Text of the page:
Sioux Falls, S.D. – A big shortage is being felt in a community here in South Dakota.
There aren’t enough interpreters for those in the deaf community and it’s a problem that reaches all areas for those individuals. According to the South Dakota Association of the Deaf, there are 500 plus deaf and hard of hearing students in the state of South Dakota.
The number of interpreters for those students and others in the community falls far below what’s needed. Isaac Nold can light up a room. “He is a wonderful, wonderful young man,” Isacc’s mom Teresa said. “He is just, he keeps surprising people with all of his abilities that he has proven he can do.” Isaac was born deaf, but his mom Teresa and his dad Timothy said he doesn’t take ‘no you can’t’; showing everyone what he can do.
Isaac is deaf with additional disabilities,” Teresa said. “So he has cerebral palsy and a couple of rare syndromes. We all require communication assistance in terms of using interpreters, but we all have very different needs.” But, a shortage of interpreters is causing growing concern.
I think it would be a huge barrier in terms of if we had to go to medical appointments,” Teresa said. “It would be his parents trying to interpret and that would take away from us being able to be his parents.” Mark Koterwski is the senior community support specialist at communication service for the deaf. KSFY News Reporter Michaela Feldmann spoke with him through an interpreter Thursday.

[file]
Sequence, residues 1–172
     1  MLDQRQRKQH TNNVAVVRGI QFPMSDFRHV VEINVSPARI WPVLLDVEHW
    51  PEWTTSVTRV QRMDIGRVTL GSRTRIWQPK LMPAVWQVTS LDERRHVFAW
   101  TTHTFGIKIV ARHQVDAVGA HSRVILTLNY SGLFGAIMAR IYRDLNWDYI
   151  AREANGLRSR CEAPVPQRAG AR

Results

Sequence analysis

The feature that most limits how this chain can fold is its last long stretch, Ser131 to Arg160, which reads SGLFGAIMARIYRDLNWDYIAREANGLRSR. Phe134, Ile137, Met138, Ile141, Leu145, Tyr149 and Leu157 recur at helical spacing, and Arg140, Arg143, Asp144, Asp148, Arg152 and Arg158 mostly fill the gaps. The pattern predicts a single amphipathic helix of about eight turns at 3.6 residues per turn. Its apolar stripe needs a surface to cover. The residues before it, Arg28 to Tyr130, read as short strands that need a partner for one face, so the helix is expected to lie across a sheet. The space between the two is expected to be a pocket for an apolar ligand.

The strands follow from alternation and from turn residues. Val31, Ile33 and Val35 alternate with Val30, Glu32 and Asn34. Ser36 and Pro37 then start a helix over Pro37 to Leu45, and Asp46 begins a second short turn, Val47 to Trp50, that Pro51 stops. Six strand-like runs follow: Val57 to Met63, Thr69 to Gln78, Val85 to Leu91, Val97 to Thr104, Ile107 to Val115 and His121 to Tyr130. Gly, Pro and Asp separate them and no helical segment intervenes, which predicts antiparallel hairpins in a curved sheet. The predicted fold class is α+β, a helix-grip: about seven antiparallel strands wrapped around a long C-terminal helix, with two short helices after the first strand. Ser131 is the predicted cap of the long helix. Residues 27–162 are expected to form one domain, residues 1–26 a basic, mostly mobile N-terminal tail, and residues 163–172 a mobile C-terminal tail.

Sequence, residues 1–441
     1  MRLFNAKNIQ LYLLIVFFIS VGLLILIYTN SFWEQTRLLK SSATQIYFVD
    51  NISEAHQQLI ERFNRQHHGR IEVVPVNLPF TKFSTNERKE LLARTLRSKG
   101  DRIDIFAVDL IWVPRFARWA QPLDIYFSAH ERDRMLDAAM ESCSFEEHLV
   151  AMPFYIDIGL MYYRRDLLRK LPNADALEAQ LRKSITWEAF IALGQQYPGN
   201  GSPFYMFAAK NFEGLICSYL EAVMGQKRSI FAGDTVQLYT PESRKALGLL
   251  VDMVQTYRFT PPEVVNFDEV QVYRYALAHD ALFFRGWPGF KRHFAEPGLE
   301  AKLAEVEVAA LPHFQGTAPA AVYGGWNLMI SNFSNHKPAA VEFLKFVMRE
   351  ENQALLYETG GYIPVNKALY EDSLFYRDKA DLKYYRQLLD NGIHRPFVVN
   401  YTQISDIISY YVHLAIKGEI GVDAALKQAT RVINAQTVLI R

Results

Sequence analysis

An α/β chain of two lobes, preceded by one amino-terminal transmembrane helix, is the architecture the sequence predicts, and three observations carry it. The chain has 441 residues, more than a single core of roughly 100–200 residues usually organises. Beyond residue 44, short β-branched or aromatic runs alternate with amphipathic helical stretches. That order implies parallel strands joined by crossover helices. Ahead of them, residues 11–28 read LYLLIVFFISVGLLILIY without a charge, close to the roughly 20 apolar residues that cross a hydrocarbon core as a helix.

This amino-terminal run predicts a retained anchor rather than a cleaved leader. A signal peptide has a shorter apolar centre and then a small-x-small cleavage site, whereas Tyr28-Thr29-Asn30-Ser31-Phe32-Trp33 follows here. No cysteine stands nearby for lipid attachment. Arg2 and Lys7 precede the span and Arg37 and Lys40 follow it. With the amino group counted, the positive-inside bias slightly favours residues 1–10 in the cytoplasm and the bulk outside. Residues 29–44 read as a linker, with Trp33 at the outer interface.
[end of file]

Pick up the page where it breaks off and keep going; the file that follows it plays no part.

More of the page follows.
“With interpreters, you want to have options,” Koterwski said. “Sometimes we work at options. They might use video interpreting as we are today and we use communication assistance to support the students in their communities.” He said after the School for the Deaf closed years ago, students were mainstreamed into schools. Many times there isn’t an interpreter or there is a different one each day.
“The interpreter may not be familiar with that student, with the curriculum, how the day tends to go,” Koterwski said. “So it becomes a barrier for the student as they have to start fresh each day.”
“What if the interpreter calls in sick?” Isaac’s dad Timothy said. “Where is another interpreter to take over? There is nothing. So the deaf person just sits there and that’s not right. That’s not equal to what others get.”